An Introduction to GNOME Boxes (virtualization) on Linux

An Introduction to GNOME Boxes (virtualization) on Linux

GNOME Boxes is a system virtualization application that is a core part of the GNOME desktop environment. Based on the QEMU machine emulator, it offers a simplified and user-friendly approach to the whole OS virtualization idea. This post is just an introduction to its capabilities and a statement that it finally works in other distributions besides Fedora.

Once you launch Boxes, you are greeted with a message to press the “New” button to add a new system. Doing so will let the application quickly search in your home folder to find any supported image files. You may either select from the list, navigate your disk, or even insert a URL address.

Launch GNOME Boxes

Next, we can customize the disk size that we will allocate to the new virtual machine as well as the size of the RAM that will be dedicated to it while it is active. This can be changed at any time the particular box isn’t active, but on the bad side, we can’t choose a destination/disk location yet.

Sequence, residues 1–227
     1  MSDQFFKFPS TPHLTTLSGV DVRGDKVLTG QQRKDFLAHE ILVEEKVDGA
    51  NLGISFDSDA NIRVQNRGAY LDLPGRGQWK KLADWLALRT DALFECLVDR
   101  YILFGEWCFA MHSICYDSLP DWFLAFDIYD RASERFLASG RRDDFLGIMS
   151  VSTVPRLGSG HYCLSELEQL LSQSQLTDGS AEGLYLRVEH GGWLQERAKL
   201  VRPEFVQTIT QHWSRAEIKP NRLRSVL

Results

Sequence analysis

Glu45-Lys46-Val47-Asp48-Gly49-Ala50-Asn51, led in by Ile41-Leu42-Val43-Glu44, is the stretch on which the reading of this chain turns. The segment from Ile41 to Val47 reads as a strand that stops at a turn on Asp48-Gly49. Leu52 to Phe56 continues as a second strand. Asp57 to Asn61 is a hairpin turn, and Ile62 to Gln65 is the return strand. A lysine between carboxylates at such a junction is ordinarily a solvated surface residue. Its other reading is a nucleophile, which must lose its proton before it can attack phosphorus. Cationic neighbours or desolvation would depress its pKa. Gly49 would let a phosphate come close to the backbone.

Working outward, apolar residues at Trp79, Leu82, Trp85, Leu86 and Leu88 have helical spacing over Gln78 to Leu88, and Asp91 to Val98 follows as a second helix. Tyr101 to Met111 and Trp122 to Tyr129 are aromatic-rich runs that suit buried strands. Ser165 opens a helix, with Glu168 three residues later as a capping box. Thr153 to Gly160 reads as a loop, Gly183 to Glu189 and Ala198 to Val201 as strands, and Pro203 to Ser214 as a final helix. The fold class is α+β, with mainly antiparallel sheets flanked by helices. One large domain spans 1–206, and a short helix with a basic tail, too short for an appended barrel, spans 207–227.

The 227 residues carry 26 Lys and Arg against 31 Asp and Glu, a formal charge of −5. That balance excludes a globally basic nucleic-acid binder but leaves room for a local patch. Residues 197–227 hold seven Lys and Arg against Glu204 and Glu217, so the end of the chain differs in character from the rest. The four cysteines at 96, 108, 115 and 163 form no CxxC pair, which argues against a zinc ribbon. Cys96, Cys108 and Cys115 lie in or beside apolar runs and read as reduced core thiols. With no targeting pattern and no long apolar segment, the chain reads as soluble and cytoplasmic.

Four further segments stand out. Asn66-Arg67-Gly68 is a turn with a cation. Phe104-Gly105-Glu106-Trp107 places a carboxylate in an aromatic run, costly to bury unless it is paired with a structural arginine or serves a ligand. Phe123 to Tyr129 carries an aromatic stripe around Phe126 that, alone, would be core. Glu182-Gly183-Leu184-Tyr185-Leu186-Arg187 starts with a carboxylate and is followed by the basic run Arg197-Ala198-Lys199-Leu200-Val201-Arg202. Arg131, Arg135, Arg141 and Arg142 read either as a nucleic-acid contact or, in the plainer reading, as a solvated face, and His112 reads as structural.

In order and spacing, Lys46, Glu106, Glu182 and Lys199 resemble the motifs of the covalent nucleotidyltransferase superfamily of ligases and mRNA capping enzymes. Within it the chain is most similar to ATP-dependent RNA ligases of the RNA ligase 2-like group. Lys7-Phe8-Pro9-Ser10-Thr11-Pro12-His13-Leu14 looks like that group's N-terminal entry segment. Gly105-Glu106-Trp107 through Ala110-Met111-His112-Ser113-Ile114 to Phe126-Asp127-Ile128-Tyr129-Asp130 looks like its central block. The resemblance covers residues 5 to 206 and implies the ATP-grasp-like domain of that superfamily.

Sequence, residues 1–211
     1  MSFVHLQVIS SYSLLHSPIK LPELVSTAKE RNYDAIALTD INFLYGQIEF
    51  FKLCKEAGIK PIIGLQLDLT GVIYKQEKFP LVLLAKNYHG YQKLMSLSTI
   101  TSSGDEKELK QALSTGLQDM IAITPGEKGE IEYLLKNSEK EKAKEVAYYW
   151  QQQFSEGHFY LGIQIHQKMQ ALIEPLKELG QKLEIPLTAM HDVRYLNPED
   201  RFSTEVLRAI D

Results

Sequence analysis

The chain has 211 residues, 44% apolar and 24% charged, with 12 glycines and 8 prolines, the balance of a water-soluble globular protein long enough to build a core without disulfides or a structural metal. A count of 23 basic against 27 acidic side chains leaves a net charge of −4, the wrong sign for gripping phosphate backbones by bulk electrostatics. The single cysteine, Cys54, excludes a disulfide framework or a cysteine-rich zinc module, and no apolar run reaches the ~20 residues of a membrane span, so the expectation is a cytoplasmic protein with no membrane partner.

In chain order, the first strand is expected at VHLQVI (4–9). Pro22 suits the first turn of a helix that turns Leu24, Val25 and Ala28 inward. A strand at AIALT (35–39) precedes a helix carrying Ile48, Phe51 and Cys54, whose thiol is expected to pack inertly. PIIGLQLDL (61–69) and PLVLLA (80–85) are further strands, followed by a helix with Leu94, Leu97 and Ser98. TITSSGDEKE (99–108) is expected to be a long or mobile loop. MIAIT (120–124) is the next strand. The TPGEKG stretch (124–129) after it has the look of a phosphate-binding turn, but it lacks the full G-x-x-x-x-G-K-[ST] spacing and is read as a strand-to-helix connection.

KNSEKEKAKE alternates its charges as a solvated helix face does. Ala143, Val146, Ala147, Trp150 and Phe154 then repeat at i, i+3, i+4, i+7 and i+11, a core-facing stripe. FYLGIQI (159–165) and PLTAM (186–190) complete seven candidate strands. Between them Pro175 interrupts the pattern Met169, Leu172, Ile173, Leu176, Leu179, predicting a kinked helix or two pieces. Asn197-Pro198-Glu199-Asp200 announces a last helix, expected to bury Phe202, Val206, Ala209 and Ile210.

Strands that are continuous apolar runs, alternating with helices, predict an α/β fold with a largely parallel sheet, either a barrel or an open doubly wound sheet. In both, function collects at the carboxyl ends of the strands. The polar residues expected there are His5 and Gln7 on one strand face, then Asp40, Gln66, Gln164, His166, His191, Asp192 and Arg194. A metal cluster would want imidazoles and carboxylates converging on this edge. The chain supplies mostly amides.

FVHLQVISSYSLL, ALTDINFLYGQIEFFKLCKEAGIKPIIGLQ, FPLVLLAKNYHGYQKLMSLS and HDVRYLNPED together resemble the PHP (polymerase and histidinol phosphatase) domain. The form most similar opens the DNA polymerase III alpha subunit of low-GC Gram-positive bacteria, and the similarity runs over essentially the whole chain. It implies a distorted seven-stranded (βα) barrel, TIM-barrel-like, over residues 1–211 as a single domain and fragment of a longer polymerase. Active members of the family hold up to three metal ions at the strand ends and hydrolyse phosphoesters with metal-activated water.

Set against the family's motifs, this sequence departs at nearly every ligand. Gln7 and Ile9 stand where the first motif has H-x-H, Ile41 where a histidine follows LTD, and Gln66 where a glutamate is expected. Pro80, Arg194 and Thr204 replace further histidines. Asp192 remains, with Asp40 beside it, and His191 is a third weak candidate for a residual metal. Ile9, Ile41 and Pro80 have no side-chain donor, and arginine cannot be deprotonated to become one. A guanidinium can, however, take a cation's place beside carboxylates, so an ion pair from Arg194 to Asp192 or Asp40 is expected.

Customize Disk Size

When these options are set, press the “Create” button on the top right and let the machine do its thing. At this time, you can click on the options button on the top right again and force a shutdown or pause the box.

Create Virtual Machine

Selecting the “Properties” option will let us look into the basic operational details of the active box. For example, we can see the CPU usage, the network traffic, and the available USB devices.

Set VM properties

Properties page in GNOME Boxes

We can also create a snapshot at any time and recall it to bring the machine back to the saved state at any time in the future.

Create a snapshot in GNOME Boxes

Finally, we can go back to the overview menu and see the boxes as thumbnails. By right-clicking on a box, we get a set of options like shutting down the machine or pausing it, and even making the selected box a “favorite”.

Favorite management

That basically sums up the GNOME Boxes abilities. It is a simple virtualization app that is aimed at those who just want to quickly take a look at a system without fiddling with too many options and choices. It is not a highly sophisticated solution like Oracle’s Vbox, or VMWare, but I believe it has a place in our systems thanks to its simplicity and user friendliness. The upcoming version 3.22 will be in the same context, bringing subtle performance improvements, better concurrent notifications handling, and stricter validation of SPICE URLs. Give Boxes a try, and see how you like it.


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